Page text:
Arizona's Dubious Shot at History, Summed Up in One Play (or Two)

The Diamondbacks are a few losses away from the longest road losing streak in MLB history. A bizarre mistake in the team's latest defeat symbolized their struggles.
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If you had to pick an individual play to define the current moment for Arizona, you could hardly do worse than this one, from the second inning of Wednesday’s 4–0 loss to the A’s:

It fits perfectly—disappointment, sprinkled with confusion, capped with a tedious review, ultimately resulting in the opponent taking a lead. This is not just failing to make a catch. (That can be disappointing, yes, but it’s ordinary; it’s straightforward.) It is failing to make a catch, but weirder, and a little sillier, and more aggravating. It’s the last six weeks for the 2021 Diamondbacks.

Wednesday’s loss was the seventh straight for the D-Backs. It solidified their hold on the worst record in baseball and also marked their 19th straight L on the road—the first team to pull that off since the 1985 Pirates. That puts them just a few road losses shy of the all-time record here, 22, a shot at a sad little slice of history. (For the weekend, they’re headed back to Chase Field, but if they want to stop the slide, they’ll have to scratch out a win at some point in a series next week at San Francisco.) But even if they stop short of making history, this recent stretch has been dismal enough. Over its 19 road losses, Arizona has been outscored by a margin of 100–40 (!), getting swept by everyone from the hapless Rockies to the first-place Athletics.

Arizona Diamondbacks starting pitcher Matt Peacock (47) reacts to a safe call by umpires after center fielder Ketel Marte appeared to catch a deep fly ball by Oakland Athletics center fielder Mark Canha.

A losing streak is bad on its own; a road losing streak carries its own peculiar frustration, less impressive, but arguably more of a slog. And so perhaps the best play to represent the Diamondbacks on Wednesday was actually not Ketel Marte’s failed catch from the second inning. Perhaps it was Christian Walker’s interrupted bat-break from the sixth—all of the anger that fuels a successful bat-break, just, you know, going nowhere.

This Diamondbacks team was never expected to be good. Yet it wasn’t expected to be quite this bad, either, currently on pace to miss its preseason win projection at FanGraphs by almost 10 wins. Part of that has been injuries—particularly to the pitching staff, which has been the team’s biggest weakness, missing Zac Gallen, Luke Weaver, Tyler Clippard and Madison Bumgarner. And the rest of it has just been a mess—the sour combination of bad play and bad luck necessary for a losing streak like this one.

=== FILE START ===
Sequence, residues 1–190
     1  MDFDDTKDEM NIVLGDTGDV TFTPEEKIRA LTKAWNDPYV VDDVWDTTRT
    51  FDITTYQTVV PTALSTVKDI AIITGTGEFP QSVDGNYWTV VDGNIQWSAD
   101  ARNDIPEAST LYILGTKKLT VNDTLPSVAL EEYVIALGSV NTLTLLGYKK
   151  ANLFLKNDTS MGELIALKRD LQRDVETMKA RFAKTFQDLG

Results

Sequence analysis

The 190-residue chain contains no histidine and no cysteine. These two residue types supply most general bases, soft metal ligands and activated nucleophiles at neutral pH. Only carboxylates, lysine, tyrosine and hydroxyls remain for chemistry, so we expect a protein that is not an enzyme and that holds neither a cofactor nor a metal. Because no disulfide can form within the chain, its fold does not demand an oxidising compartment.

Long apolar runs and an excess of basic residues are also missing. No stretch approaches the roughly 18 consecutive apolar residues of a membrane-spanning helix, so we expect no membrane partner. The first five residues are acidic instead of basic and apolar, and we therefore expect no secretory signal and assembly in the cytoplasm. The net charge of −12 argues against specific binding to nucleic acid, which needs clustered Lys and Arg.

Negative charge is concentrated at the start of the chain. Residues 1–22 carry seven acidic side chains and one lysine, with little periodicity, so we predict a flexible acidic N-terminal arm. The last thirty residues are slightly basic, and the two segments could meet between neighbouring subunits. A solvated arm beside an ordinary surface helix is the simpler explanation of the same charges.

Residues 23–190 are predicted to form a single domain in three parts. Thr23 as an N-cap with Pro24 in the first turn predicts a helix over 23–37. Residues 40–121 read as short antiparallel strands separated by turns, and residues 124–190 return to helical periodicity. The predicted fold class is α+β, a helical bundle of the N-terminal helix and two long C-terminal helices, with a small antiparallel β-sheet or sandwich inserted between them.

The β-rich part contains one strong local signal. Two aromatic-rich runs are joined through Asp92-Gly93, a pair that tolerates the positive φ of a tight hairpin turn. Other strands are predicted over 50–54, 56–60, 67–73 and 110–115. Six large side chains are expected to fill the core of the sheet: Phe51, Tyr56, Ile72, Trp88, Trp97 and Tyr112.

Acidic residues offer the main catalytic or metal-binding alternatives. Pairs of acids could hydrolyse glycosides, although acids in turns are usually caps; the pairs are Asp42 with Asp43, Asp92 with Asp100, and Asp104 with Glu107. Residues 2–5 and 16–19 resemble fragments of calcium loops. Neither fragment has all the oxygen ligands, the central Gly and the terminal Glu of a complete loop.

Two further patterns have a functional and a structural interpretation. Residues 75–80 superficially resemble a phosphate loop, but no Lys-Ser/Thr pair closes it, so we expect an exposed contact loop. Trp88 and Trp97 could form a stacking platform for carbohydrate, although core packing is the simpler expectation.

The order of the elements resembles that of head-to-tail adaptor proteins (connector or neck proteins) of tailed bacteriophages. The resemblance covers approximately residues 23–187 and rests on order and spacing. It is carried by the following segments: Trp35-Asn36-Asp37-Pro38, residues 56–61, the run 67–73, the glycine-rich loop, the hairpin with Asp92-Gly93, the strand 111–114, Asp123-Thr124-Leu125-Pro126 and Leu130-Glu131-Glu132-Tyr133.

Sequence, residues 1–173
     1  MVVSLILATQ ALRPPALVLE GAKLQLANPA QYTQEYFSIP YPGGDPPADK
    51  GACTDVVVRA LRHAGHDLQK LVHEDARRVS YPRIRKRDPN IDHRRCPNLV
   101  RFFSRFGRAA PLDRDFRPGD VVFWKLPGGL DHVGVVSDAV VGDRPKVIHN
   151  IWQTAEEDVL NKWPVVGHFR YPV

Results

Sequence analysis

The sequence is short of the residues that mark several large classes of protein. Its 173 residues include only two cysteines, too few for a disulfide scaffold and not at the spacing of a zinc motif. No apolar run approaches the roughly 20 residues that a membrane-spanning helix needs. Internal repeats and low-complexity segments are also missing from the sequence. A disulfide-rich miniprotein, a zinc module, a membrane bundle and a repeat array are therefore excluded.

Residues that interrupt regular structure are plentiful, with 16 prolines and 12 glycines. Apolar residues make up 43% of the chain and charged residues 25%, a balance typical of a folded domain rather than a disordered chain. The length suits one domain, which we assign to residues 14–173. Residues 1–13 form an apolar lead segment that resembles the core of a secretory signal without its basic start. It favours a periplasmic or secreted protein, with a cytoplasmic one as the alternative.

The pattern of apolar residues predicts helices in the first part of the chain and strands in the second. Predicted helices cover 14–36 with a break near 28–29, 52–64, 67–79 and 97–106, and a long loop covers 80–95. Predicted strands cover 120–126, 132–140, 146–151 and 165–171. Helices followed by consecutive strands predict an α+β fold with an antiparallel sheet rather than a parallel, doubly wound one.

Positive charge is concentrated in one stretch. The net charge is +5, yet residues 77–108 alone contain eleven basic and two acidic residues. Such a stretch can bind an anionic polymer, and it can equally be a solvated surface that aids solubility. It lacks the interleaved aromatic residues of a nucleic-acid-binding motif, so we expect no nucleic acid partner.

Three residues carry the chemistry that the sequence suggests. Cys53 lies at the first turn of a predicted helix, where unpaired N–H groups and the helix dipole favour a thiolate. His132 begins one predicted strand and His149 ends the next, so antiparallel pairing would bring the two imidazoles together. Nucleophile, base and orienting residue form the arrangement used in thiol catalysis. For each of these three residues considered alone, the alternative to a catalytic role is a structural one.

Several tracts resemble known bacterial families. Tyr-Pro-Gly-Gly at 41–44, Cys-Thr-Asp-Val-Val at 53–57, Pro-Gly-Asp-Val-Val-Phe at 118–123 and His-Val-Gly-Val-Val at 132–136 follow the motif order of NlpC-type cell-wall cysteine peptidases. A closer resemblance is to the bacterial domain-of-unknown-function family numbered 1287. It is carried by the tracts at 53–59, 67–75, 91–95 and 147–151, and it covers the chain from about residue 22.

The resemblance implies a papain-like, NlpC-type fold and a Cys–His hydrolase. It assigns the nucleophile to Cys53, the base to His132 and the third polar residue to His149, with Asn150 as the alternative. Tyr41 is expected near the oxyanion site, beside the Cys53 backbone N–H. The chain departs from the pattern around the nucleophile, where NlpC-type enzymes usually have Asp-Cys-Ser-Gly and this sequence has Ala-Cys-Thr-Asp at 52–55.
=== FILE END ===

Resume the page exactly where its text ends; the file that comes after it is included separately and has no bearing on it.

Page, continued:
After a certain amount of time, each loss begins to feel not like an individual event but like an inevitable routine. This creates a strange, sad music for the Twitter account of a team like the 2021 Diamondbacks. It announces the final score of every game, of course, like any other club account does. But where a winning team might share its losses with a forward-looking note of optimism, or even with a cutesy touch like a meme, a losing team must be more straightforward. It’s tasked with finding different ways to say the same thing each day. Its followers are frustrated. They do not want jokes or wordplay or false promises. They want a team that does not lose so much—which, of course, a social media account cannot give them. And so the team account can begin to sound as if it is trying to will itself to disappear. Its game updates begin to shrink; the graphics showing the final score are accompanied by fragmented phrases begging you not to pay too much attention to them. The subtext of each one is yes, we know; you don’t have to tell us.

Here, for instance, is the language from Arizona’s tweets after the first five games of this road trip:

  • Back at it tomorrow.
  • Final.
  • Tough one.
  • That’s a wrap in Milwaukee.
  • Sigh.

It reads like the world’s bleakest refrigerator magnet poetry set. While the first tweet nods at a flicker of hope—an invocation of tomorrow as something to look forward to rather than something to dread—that dies out over the length of the trip. Back at it tomorrow? Better not go there! Tough one. Sigh. Which brings us to Wednesday’s loss, the sixth and final game of the trip, and the language after this one was the most poignant of the bunch: “Heading home.”

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